PHNOM PENH, Cambodia – Cambodia's population of Irrawaddy dolphins could vanish within a decade unless strict enforcement is undertaken to protect the endangered species, a conservation official warned Wednesday.
Phai Somany, senior officer of the Cambodian Mekong Dolphin Conservation Project, raised the alarm after receiving news about the deaths of two baby dolphins.
Their demise brought to 14 the number that have died since the beginning of this year, including four this week, he said.
"This is a very sad news. We are declaring an emergency on this, asking all local authorities to cooperate in trying to reduce the mortality rate," Phai Somany said. "Without strengthening our conservation work, I dare to say that the dolphins will disappear from the Mekong River in the near future, in 10 years at the longest."
The two latest deaths followed those of two other calves — aged between 4 weeks and 2 months — that were discovered floating in the river on Monday.
The cause of their deaths was not immediately known, but officials have said environmental pollution and illegal fishing nets were probably behind the recent deaths of at least eight other Irrawaddy dolphins in Cambodian waters.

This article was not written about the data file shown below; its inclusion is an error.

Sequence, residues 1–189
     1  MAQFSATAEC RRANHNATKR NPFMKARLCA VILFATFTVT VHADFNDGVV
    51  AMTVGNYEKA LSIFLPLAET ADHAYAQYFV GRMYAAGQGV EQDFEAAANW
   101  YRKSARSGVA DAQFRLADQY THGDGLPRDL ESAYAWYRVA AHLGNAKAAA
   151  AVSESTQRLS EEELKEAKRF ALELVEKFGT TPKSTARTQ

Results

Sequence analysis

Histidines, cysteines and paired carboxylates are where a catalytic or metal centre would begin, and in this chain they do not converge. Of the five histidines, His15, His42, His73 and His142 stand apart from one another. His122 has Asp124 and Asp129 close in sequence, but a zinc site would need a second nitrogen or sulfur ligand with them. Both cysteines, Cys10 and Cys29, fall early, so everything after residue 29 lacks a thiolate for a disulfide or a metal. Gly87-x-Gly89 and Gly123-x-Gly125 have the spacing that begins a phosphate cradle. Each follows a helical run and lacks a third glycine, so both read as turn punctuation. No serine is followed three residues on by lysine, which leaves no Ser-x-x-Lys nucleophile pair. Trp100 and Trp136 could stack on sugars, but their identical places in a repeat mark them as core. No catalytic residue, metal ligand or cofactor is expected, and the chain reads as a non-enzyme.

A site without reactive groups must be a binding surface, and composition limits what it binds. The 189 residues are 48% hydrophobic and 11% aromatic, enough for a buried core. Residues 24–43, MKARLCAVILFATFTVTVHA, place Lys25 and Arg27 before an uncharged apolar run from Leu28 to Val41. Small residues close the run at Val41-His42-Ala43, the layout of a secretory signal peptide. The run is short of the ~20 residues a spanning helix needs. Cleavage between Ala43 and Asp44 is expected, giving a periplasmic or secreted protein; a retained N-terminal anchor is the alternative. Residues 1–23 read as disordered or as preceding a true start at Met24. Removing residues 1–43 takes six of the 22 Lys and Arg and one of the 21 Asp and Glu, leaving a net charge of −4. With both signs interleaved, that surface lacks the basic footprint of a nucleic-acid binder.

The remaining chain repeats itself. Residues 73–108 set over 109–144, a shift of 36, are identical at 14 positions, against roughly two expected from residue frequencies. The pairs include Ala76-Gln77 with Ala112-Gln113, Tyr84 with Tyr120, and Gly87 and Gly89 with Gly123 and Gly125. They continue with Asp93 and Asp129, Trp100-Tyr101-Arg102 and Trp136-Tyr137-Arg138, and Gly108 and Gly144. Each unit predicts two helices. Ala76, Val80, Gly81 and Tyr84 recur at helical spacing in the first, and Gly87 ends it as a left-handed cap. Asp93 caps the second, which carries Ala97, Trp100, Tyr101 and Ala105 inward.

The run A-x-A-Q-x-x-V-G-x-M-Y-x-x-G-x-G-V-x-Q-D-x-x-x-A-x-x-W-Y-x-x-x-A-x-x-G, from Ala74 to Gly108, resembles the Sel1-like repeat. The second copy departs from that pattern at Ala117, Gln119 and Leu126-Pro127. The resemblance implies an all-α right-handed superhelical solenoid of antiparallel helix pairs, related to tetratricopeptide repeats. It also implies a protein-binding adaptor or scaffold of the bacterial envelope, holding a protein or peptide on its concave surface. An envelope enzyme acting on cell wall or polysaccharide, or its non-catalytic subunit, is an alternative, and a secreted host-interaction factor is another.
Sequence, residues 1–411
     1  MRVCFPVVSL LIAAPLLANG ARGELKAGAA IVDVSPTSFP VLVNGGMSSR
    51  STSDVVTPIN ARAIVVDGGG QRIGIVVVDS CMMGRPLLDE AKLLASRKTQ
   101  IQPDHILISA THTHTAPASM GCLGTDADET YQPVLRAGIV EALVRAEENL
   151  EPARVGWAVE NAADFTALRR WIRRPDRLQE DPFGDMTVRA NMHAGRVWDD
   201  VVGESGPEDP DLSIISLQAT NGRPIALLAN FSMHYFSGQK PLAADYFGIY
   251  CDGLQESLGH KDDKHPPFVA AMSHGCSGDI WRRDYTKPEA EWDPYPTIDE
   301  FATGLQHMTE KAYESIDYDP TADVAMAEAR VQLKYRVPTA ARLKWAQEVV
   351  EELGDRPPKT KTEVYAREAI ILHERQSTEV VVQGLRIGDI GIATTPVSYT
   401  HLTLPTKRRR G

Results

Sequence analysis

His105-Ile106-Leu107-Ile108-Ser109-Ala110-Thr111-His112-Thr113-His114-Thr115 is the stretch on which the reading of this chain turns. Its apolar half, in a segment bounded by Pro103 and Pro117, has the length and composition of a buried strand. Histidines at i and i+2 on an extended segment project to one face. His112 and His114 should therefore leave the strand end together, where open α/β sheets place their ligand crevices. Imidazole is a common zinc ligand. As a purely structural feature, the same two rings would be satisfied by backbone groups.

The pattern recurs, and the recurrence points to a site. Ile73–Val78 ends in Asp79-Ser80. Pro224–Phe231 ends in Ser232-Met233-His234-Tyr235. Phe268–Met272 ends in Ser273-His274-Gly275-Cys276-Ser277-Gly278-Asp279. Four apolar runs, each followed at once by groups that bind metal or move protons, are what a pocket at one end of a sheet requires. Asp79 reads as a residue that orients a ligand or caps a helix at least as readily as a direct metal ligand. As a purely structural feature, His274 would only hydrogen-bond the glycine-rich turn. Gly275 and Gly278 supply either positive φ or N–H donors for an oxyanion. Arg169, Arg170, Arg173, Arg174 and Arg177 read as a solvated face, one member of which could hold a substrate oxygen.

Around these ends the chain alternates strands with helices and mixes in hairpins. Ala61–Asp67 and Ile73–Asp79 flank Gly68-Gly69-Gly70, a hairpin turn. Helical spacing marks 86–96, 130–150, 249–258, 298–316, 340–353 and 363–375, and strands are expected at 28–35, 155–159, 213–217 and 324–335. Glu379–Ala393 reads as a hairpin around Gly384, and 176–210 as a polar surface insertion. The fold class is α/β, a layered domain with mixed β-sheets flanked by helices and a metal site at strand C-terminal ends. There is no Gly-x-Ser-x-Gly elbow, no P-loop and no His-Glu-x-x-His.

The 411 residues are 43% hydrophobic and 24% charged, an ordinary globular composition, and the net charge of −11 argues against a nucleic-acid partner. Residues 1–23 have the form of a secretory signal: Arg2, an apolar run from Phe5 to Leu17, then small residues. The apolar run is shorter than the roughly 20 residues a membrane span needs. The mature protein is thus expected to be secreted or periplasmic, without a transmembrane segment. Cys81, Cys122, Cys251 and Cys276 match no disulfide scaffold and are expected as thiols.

The World Wildlife Fund has also called the deaths a "serious situation" that threatens the future of the animals.
It was estimated earlier this month that only 80-100 Irrawaddy dolphins are left in the Mekong River, which runs through China, Myanmar, Laos, Thailand, Cambodia and Vietnam.
The WWF said the remaining dolphins are restricted to a 120-mile stretch of the river between the Cambodia-Laos border and the Cambodian town of Kratie, upstream from the capital, Phnom Penh.
Sam Kim Lorn, chief fisheries officer in Kratie province, said the dolphin death toll this year has already surpassed last year's total of eight.
He said illegal fishing nets were the cause of most dolphin deaths and that authorities were conducting day-and-night patrols of the river to crack down on the problem.
River pollution and disease could also have been factors in the recent deaths, he said.
The WWF has no estimates of how many Irrawaddy dolphins are left in the world. The animals are also found in waters around the Philippines, Thailand, Myanmar, Indonesia and Australia.
Samples from some of Cambodia's dead dolphins have been sent for testing in Canada to try to determine the exact causes of their deaths, but the results are not yet available, Phai Somany said.